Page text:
and A={A1, A2, A3, . . . , An} is the set of attributes of Ci for I=1 to m. For example, A1 is the PN code that identifies a particular base station BSx, A2 is the strength of the PN signal, and A3 is the phase shift. A1 . . . An are random variables. Di is the domain of Ai which contains all possible values of Ai and aj denotes a property which is defined such that the attribute Aj has a certain value or a value set that can be used to characterize a sub-cell. For example, aj may represent Aj=v or Aj>v where v is a value in Dj. If P(ai) is the probability of the occurrence of ai over all sub-cells, P(ai|Cj) is the probability of the occurrence of aI in Cj, P(Cj) the probability that the mobile unit 30 is in Cj independent of properties, and P(Cj|ai) is the probability the mobile unit 30 is in Cj given an observed property of ai. The goal of the present invention is to find the highest P(Ci|A*), namely the highest probability that the mobile unit 30 is in Ci given a set of measured or observed values A*, where A*={a1, a2, a3, . . . , an}. In one embodiment, P(Ci|A*) can be obtained using the following Bayes formula:

P(C i |A*)=P(C i)P(A*|C i)/P(A*)

P(Ci)can be assumed to be 1/m initially, a uniform distribution, since there is no a priori knowledge where the mobile unit 30 might be. P(A*) can be obtained using:

P(A*)=ΣP(C s)P(A*|C s), S=1, . . . , m and

P(A*ICi) can be obtained using:

P(A*|C i)=P(a1 |C i)P(a 2 |C i)P(a 3 |C i) . . . P(a n |C i).

As the mobile unit 30 moves, the measurement is taken at time t+Δt, and P(Ci) is updated with P(Ci|A*t) where A*t is the set of properties observed at t+Δt.

The database 34 for the sub-cells is defined by a set of attributes. The database 34 can be implemented as an adjunct server at the MSC 16 or any base station BS1 . . . BSN running any commercially available database management system. The database 34 is organized by cells and by sectors to provide efficient searching methods. The attribute values may be obtained by a survey of the coverage area and the probability distribution function for A* can be constructed based on the survey results.

Given the size of a regular cell is 2 km to 25 km in radius, the size of a sub-cell with 125 m radius will result in a reasonable size for the database. For example, if the cell has a radius of 25 km, the number of sub-cells will be approximately 40,000 in a cell. Hence, there will be 40,000 records per base station which is a relatively small database.

There are at least two methods that can be used to create the database 34.

One way is to use specially designed equipment to survey the service area 10 exhaustively. The equipment is used to gather RF characteristics for a location and record the data. The data records are then processed to create the database 34. This process is automated using a computer program to gather data and create the database 34. This method provides an accurate database.

The database 34 can also be created by the construction of a statistical model. The statistical model is constructed by using an RF propagation formula. The parameters in the model are verified by a limited number of observations of the RF characteristics in sample locations in the service area 10. The probability of certain observations can then be calculated and stored in the database 34.

FIG. 4 shows an example of the database 34 that contains the statistical data for C1, C2, C3, C4, C5, and C6 as in the first column. The second column represents the attribute BS1 and its values, and the third column is the probability denoted by p1 of a particular attribute value could be observed in a sub-cell. For example, BS1=161/232/16 has a probability of 1 in sub-cell C1. In other words, let a1 be BS1=161/232/16, then P(a1/C1) has the value 1. The numbers 161/232/16, for example, separate by / represent the base station ID, the pilot ID, and the average pilot strength for the base station and pilot, respectively. Similarly, the fourth column and fifth column represent the attribute values for BS2 and their probabilities denoted by p2, and so on for BS3 and p3. The four numbers separated by / in the latter cases represent the base station ID, the pilot ID, the chip offset, and the pilot strength, respectively.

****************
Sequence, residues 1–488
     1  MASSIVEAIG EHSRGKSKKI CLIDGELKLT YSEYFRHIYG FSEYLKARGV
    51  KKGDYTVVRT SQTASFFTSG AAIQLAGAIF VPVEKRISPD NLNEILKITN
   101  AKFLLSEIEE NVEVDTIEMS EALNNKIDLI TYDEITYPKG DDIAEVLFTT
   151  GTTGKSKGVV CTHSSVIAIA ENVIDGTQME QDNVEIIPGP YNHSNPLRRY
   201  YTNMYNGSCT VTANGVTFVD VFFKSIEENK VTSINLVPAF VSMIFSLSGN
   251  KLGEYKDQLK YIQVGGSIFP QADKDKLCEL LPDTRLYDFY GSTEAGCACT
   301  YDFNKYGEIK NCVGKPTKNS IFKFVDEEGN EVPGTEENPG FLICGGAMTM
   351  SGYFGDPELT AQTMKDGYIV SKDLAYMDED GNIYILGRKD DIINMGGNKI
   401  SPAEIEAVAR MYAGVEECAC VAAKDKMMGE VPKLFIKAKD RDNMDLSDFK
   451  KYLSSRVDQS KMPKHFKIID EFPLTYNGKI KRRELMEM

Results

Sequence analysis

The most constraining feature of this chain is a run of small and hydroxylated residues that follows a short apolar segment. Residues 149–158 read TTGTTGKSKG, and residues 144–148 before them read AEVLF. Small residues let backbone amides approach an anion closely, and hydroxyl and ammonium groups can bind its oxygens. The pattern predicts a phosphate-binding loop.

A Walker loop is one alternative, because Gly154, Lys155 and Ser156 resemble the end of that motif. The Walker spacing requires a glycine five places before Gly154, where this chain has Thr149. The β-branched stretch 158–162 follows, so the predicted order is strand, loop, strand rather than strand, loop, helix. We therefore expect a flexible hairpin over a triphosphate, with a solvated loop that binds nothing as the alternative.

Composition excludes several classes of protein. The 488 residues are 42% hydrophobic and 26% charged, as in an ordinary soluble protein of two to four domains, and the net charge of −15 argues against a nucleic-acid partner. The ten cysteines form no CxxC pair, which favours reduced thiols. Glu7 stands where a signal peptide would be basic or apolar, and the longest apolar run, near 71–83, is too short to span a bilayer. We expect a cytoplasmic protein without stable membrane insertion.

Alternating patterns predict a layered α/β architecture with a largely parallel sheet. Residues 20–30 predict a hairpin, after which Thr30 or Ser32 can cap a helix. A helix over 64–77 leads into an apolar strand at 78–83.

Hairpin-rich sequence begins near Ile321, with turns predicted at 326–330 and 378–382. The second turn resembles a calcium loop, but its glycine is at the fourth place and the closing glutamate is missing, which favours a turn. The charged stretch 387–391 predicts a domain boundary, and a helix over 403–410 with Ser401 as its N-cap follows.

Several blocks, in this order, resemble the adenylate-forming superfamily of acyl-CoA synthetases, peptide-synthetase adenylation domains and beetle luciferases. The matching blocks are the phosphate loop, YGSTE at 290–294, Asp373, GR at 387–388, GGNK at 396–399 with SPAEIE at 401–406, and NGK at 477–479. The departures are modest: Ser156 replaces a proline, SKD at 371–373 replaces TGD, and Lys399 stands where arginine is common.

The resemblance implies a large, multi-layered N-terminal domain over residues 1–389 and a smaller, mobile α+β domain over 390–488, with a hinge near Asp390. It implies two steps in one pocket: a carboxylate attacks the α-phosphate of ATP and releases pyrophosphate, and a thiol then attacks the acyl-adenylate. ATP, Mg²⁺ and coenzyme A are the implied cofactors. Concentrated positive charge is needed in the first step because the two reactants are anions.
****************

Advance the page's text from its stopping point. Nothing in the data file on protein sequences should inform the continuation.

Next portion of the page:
Example

If an observation of interest is A*=(BS1=178/416/24, BS2=161/64/3/33, BS3=172/208/3/25), the probability that this observation is from a particular cell can be calculated as follows:

P(A*/C 1)=0*0*0=0

P(A*/C 1)=0*0*0=0

P(A*/C 1)=(21.6/24*1)*(26/33*0.18)*(24/25*0.18)=0.022

P(A*/C 1)=(23.3/24*1)*(0)*(0)=0

P(A*/C 1)=(19.25/24*1)*(0)*(0)=0

P(A*/C 1)=(24.8/24*1)*(0)*(0)=0

Note that P(A*Ci)≧P(A*/Cj) for i≠j →P(Ci/A*)≧P(Cj/A*). Therefore, it is concluded that A* is an observation from C3. Note also that the probability of P(a2/C3) is adjusted by a value 0.79 which is derived from 26/33, since a2 does not match exactly the pattern of BS2 in C3. In one embodiment, the present invention uses the ratio of the pilot strength stored in the database 34 to the observed pilot strength to define the measure of the closeness between the two values.

In the above embodiment, the RF attributes are discrete attributes, such as average pilot strength, chip offset, or pilot strength. However, in another embodiment, continuous attributes or features may be utilized, such as signature waveforms.

The set of attributes may be either replaced or enhanced by the signatures of the measured signal waveforms. Other pattern recognition techniques such as fuzzy logic can then be applied to analyze the continuous attributes.

Utilizing the pattern recognition-based technique or fuzzy logic technique described above may be performed utilizing only one base station or more than one base station.

The foregoing merely illustrates the principles of the invention. It will thus be appreciated that those skilled in the art will be able to devise various arrangements which, although not explicitly described or shown herein, embody the principles of the invention and are thus within its spirit and scope.

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Classifications
U.S. Classification455/456.5
International ClassificationH04W64/00, G01S5/02, G01S19/48
Cooperative ClassificationG01S5/0252, H04W64/00
European ClassificationH04W64/00, G01S5/02D